The OnePlus 6 wants to replace your Apple or Samsung phone and save you money in the process.
The new flagship phone from the Chinese manufacturer is the latest in a four-year line of devices designed to be a disruptor at the top of the smartphone market by offering premium features at a cut price.
This year, OnePlus says it is trying to match what they offer on the inside of their phone on the outside.
So how does the OnePlus 6 look at first glance?
For the first time, a OnePlus handset is glass on both the front and back of the device – placing it in step with the other premium flagship handsets out there.
Crucially, it looks and feels good too. The 6.28-inch full optic AMOLED display is the largest the company has ever put on a phone and it fills almost all of the front panel.
Like a lot of wannabe disrupter devices the OnePlus 6 also sports a notch at the top of the screen – though it’s only small and can even be blocked out of view using the phone’s settings if so desired.
There are dual cameras on the back of the phone too, which help enable a Portrait mode of photography, as well as support slow-motion video.
It’s also worth noting that the 6 keeps the headphone jack in place, giving users the option of plugging in a range of personal audio accessories.
At first glance, this is a mobile phone that has smartened up its appearance in order to impress and not look out of place alongside the big names of the industry.
OnePlus has always placed a great level of focus on the performance its phones provide, and that appears to again be the case with the OnePlus 6.
The 6 has the latest Snapdragon 845 processor inside and according to OnePlus this upgrade means the device has a 30% performance increase but with 30% less power used.
It’s certainly quick and responsive in early testing, and it’s also good to see that the Chinese firm continues to push its clever Dash Charge battery technology.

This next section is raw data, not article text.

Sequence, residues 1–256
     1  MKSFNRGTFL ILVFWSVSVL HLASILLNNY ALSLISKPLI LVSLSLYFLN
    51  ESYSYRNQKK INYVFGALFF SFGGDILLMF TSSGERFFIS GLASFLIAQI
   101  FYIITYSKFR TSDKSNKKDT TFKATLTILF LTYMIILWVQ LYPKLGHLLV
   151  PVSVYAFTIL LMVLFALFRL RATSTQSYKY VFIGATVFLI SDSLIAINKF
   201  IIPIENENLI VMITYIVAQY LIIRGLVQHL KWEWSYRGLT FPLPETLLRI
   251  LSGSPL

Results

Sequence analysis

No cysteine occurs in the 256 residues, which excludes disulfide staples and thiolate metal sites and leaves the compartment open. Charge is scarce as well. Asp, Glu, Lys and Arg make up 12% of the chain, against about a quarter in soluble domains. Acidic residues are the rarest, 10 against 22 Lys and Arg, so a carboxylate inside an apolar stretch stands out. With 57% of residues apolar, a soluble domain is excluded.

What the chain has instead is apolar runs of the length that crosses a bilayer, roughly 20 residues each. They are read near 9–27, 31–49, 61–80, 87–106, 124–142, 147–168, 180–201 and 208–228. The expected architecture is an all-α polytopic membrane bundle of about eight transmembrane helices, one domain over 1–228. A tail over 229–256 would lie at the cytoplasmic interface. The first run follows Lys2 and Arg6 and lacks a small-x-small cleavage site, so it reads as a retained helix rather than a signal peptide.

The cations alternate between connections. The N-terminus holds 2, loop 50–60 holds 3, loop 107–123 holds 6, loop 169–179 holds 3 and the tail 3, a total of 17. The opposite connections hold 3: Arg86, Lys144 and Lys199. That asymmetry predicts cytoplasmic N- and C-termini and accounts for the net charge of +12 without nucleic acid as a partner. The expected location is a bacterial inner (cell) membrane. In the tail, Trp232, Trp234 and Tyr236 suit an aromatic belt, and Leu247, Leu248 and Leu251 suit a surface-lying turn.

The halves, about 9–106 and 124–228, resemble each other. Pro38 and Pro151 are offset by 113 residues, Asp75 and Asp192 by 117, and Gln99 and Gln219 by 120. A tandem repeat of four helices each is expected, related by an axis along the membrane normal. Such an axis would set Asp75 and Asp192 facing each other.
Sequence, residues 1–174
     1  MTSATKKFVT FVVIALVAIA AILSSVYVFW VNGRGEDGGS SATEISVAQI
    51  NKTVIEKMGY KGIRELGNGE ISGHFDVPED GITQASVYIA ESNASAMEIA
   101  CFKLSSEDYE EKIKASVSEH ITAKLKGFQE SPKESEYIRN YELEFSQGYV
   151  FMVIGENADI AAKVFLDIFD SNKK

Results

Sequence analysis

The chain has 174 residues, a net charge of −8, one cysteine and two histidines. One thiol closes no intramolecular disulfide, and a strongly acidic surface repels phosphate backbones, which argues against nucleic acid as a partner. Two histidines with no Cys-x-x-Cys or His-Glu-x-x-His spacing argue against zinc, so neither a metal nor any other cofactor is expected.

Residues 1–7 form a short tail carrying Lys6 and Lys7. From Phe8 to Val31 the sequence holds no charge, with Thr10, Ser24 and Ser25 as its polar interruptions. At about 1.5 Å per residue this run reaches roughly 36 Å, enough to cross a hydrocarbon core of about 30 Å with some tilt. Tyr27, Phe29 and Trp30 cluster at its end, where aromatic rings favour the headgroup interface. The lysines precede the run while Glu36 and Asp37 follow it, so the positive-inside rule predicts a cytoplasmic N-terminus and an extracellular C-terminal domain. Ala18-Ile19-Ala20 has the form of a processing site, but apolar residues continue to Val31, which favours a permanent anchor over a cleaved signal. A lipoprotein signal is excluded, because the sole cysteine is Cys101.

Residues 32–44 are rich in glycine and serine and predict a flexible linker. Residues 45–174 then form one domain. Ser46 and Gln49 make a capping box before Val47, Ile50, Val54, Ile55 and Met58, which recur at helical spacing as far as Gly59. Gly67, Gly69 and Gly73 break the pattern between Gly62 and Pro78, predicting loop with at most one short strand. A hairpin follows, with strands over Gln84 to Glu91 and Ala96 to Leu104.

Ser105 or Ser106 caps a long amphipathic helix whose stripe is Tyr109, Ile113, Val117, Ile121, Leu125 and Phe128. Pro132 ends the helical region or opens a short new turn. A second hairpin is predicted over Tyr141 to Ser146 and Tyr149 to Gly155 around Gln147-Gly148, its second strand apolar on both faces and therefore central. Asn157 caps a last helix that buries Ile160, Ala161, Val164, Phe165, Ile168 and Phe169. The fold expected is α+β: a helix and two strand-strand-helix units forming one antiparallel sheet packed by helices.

This is a combination of tech in the charging plug and wire which pushes current over voltage for more efficient charging, while on the phone it means quick charging that can provide a day’s battery life in 30 minutes of charging.
The red cable is nice from an aesthetic point of view too.
In terms of software, the 6 is running the latest version of Android with the company’s own OxygenOS on top of it, though it’s still the Android experience many will be familiar with.
The soft keys or virtual buttons that appear at the bottom of the screen are gone however – instead replace by swiping gestures to navigate between screens.
The dual camera system on the rear of the OnePlus 6 combines a 16-megapixel and 20-megapixel lens that offer high-end photo quality and light, bright images.
OnePlus has also confirmed that it will add a Portrait mode to both the front and rear cameras shortly after launch, which will use an AI algorithm to apply depth of field in the background of selfies on the front camera, and take advantage of both lenses on the rear to create this depth effect, known as bokeh.
Pushing to rival the likes of Apple and Samsung, the OnePlus 6 now also supports one of 2018’s on-trend features – slow-motion video.
The device can capture up to a whole minute in slow motion – a grand total of six minutes of footage – way more than you’ll ever need.
On first impressions the OnePlus 6 ticks all the boxes to be a premium flagship phone worth considering as your next handset.
Its trump card though is the price – starting at £469 it is near enough half the price of its big-name rivals, but doesn’t really compromise on features.
It’s easy to use, well-made and smart-looking too so on paper it seems a no-brainer.
However, OnePlus is still not a household name, and so still feels to some like a leap of faith rather than a smart choice when upgrading.
The Chinese firm knows this and is working hard to get devices in front of people in order to offer proof of what they can offer.
Whether it works remains to be seen, but they’re halfway to success given how the OnePlus 6 looks so far.